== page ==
Mazda launched its first passenger car, the R360 Coupe, throughout Japan on May 28, 1960. The launch coincided with a period of improved income levels and changing lifestyles, and the beginning of the boom in demand for car ownership in Japan. The automotive industry was in full swing, brought to fruition by such factors as the first All Japan Motor Show in 1954 (later to become the Tokyo Motor Show), the national car concept put forward by the Ministry of International Trade and Industry (MITI — currently the Ministry of Economy, Trade and Industry) in 1955, trade liberalization and other measures that stimulated the economy. That said, the cars of the period, even the micro-mini cars for the masses, were expensive and hard to come by. However, people still dreamed of having their own car and Mazda's R360 Coupe was born from this desire, breaking the mold of the micro-mini car of that period.
In the development of the R360 Coupe, Mazda used new technology and thoroughly raised its manufacturing efficiency. In so doing, it managed to introduce models with very low sticker prices — 300,000 yen for the manual transmission version and 320,000 yen for the first car in the country equipped with a torque converter. By May 20, 1960, just prior to the R360 Coupe's launch, Mazda had already received orders for as many as 4,500 units. The car's popularity increased even further after the launch, and by August Mazda was selling in excess of 2,000 units per month. In December of that year the company saw record-breaking sales of 4,090 units. The total production figure for 1960 amounted to 23,417 units, giving Mazda a 64.8% production share of the micro-mini car market. In helping to fulfill people's dreams of owning a car, the R360 Coupe played a leading role in the development of Japan's motorization.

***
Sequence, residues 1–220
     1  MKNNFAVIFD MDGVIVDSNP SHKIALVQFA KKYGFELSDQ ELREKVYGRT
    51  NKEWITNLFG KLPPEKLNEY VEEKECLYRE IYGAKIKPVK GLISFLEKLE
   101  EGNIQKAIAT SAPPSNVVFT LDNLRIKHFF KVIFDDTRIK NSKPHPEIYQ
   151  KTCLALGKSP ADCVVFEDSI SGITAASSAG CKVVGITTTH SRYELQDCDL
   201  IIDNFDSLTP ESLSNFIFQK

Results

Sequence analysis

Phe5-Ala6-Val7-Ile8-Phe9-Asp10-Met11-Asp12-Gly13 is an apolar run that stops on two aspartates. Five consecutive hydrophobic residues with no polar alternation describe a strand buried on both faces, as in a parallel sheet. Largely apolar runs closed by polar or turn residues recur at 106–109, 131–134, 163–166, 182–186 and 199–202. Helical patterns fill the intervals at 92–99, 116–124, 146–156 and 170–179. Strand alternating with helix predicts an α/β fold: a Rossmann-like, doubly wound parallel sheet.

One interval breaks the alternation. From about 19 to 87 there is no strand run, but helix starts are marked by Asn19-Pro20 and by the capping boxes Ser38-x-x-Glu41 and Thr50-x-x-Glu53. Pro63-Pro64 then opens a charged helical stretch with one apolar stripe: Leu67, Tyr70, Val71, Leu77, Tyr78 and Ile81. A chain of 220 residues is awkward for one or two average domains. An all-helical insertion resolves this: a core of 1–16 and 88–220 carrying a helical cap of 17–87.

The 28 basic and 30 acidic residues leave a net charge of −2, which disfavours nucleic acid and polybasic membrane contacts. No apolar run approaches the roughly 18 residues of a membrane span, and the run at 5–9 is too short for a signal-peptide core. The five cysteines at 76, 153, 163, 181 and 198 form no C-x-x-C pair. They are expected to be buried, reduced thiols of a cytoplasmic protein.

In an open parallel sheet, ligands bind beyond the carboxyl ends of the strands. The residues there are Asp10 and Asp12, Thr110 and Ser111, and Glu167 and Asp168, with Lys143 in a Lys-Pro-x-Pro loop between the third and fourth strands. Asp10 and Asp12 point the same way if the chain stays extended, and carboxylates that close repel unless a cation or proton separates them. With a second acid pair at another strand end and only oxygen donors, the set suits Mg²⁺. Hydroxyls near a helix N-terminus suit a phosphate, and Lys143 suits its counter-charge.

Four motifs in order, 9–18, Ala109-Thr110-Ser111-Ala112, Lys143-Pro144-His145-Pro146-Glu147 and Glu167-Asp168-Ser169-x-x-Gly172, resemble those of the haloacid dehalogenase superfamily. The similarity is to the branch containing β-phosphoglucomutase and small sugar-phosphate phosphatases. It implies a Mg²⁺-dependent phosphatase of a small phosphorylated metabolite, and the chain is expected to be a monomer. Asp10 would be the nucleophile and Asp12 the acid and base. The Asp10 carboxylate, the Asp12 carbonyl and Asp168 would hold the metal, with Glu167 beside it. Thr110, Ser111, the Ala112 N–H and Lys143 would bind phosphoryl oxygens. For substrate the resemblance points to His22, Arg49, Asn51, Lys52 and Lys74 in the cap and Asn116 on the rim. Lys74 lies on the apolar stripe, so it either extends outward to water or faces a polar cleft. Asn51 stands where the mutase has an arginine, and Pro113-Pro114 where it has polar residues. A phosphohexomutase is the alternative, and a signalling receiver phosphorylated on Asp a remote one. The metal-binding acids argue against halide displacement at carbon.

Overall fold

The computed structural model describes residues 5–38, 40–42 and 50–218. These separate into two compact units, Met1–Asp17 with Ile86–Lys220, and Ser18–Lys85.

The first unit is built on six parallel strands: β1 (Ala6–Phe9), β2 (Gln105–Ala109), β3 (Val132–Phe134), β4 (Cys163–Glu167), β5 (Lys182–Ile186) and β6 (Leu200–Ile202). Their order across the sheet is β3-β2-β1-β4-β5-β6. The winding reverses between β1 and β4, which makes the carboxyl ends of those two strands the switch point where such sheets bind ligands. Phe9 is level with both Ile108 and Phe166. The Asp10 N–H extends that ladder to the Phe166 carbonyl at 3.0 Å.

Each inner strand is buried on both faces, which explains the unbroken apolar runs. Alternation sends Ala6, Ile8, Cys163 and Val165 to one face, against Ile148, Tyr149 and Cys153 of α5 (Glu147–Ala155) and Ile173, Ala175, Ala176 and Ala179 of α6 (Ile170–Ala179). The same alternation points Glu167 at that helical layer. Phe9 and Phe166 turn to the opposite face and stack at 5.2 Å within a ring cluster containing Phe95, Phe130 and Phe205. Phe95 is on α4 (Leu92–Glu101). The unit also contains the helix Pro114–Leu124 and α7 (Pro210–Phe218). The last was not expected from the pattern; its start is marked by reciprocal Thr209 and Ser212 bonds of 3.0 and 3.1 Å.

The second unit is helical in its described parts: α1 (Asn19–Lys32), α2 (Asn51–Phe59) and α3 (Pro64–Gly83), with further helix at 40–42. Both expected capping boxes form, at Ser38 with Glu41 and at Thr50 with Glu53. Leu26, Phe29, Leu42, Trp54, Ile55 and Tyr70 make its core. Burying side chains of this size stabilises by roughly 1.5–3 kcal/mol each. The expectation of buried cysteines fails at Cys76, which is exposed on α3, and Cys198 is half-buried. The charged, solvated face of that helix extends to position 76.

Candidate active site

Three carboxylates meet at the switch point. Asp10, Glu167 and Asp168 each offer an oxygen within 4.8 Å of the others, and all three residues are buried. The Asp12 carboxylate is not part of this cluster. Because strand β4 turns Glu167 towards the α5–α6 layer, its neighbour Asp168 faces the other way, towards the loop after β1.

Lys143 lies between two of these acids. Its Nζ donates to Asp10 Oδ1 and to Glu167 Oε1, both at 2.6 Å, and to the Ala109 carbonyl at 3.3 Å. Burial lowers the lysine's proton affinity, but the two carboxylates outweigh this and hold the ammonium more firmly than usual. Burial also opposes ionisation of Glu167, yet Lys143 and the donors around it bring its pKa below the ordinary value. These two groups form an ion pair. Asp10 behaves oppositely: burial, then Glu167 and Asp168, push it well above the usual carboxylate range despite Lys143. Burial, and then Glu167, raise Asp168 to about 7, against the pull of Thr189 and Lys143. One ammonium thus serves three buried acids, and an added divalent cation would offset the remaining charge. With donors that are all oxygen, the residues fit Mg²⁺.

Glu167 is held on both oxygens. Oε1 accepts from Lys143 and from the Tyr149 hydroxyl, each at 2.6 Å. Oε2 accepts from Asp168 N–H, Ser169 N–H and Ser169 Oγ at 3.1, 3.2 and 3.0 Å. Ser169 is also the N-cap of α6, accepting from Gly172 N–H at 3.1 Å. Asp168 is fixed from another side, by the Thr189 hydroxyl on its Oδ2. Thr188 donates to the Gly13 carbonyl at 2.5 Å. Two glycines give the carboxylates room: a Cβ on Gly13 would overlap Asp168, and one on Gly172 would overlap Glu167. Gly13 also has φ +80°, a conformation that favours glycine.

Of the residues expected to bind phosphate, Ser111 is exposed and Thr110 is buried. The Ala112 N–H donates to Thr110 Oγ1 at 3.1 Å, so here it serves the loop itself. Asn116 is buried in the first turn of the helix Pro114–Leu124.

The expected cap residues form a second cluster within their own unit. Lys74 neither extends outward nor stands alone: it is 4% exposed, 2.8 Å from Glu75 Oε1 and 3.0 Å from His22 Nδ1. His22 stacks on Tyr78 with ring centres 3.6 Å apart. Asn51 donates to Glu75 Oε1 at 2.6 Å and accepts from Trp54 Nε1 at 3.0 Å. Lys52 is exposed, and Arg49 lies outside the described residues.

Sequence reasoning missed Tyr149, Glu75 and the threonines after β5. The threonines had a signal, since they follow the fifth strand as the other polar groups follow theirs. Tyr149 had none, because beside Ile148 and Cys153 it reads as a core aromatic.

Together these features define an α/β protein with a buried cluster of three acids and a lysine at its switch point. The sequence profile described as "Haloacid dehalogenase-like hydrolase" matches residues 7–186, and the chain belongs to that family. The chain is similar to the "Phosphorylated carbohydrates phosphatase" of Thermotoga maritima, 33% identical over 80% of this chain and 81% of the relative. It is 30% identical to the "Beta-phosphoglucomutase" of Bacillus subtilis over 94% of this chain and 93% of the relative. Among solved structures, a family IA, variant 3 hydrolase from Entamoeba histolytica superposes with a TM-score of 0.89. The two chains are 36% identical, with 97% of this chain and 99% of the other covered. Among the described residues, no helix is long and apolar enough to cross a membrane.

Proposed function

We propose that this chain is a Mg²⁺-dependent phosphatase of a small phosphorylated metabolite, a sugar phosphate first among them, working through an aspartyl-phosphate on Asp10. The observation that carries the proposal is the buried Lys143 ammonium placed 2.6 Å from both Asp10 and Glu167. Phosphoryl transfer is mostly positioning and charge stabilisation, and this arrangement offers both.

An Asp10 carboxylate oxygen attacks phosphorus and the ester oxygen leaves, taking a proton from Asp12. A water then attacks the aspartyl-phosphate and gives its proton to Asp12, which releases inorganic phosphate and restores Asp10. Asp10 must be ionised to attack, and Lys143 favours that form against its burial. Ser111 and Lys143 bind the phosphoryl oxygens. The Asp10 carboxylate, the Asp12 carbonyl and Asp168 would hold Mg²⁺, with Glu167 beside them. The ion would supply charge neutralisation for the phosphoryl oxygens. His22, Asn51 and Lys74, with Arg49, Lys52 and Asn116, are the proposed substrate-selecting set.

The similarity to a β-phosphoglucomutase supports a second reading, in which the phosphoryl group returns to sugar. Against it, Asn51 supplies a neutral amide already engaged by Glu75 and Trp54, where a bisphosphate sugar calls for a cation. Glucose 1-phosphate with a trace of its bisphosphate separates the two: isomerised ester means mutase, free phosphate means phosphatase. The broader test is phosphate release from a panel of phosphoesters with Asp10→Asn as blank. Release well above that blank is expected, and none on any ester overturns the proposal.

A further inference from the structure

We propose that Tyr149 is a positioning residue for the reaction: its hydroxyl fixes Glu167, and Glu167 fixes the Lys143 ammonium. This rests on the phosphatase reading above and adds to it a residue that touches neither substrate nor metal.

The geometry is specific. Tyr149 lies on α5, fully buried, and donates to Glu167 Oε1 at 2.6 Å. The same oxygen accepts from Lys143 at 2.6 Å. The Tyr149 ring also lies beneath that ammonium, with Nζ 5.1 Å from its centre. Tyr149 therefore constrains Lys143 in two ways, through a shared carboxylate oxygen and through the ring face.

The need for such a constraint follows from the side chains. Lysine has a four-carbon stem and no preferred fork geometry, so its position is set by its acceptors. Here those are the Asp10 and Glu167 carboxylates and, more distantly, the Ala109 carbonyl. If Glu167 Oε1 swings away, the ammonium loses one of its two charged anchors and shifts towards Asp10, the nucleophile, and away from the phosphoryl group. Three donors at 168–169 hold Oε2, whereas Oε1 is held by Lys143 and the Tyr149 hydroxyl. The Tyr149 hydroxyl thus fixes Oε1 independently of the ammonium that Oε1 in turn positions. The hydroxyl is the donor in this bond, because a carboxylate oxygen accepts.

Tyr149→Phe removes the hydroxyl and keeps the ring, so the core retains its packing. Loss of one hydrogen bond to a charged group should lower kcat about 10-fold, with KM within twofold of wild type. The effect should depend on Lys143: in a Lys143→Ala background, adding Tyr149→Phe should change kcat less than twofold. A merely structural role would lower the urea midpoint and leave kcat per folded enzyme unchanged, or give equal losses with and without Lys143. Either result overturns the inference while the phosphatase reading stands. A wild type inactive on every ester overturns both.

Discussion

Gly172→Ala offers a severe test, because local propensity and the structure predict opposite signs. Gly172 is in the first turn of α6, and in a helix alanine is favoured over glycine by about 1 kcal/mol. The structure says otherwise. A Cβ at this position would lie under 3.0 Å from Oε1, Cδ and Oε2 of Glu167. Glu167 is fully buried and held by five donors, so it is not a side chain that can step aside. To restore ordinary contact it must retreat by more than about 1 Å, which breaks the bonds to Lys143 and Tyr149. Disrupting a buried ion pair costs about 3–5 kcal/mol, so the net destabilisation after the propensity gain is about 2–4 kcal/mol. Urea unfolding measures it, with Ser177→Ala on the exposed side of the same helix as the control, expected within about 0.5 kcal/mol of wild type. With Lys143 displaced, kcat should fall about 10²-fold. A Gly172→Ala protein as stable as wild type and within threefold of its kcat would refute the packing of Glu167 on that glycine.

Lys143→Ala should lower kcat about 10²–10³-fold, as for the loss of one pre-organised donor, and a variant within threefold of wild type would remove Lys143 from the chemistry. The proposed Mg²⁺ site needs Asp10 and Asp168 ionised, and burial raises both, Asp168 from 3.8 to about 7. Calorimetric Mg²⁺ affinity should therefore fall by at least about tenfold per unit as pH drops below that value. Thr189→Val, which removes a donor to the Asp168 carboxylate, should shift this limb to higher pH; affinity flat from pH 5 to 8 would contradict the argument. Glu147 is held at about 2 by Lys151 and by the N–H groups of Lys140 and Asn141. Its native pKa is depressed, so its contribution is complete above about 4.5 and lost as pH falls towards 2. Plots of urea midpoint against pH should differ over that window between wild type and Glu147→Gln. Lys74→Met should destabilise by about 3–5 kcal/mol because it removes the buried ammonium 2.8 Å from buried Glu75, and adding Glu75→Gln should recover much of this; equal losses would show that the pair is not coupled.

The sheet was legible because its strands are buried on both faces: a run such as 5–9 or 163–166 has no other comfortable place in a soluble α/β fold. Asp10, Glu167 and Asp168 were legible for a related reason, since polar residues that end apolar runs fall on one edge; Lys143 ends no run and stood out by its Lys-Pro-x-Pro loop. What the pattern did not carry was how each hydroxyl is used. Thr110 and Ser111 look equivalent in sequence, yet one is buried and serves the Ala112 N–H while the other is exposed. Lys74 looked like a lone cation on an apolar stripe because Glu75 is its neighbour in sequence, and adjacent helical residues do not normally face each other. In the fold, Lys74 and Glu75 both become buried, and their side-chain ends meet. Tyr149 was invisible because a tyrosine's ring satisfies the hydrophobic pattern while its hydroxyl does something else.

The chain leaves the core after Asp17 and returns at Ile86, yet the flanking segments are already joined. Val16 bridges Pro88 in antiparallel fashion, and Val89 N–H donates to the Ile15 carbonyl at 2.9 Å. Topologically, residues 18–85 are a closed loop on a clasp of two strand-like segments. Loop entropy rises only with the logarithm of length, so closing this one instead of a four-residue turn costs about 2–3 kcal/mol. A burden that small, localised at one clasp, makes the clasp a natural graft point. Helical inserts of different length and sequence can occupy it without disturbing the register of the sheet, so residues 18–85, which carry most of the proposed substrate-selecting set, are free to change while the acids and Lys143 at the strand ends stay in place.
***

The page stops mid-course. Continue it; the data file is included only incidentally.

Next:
The Mazda R360 Coupe.
The attraction of the R360 Coupe was not price alone. It featured a torque converter and a host of other cutting-edge technologies Mazda had developed. The R360 Coupe was also the first micro-mini passenger car to be equipped with a four-stroke engine, realizing better durability and fuel economy than its two-stroke counterpart. The engine also used a substantial amount of magnesium alloy. Combined with a light monocoque body, light alloy hood and other weight-saving measures, this made the R360 Coupe the lightest car produced in Japan at only 380 kilograms, with concomitant gains in fuel economy and driving performance. The car had a four-wheel independent suspension system employing torsion rubber for a nimble and comfortable ride. The stylish and functional coupe form enclosing the 2+2 cabin also led the field in Japan's car design. A car so advanced it completely broke with convention, the R360 Coupe heralded the future of Mazda's passenger cars.
Excerpts from the original catalogue.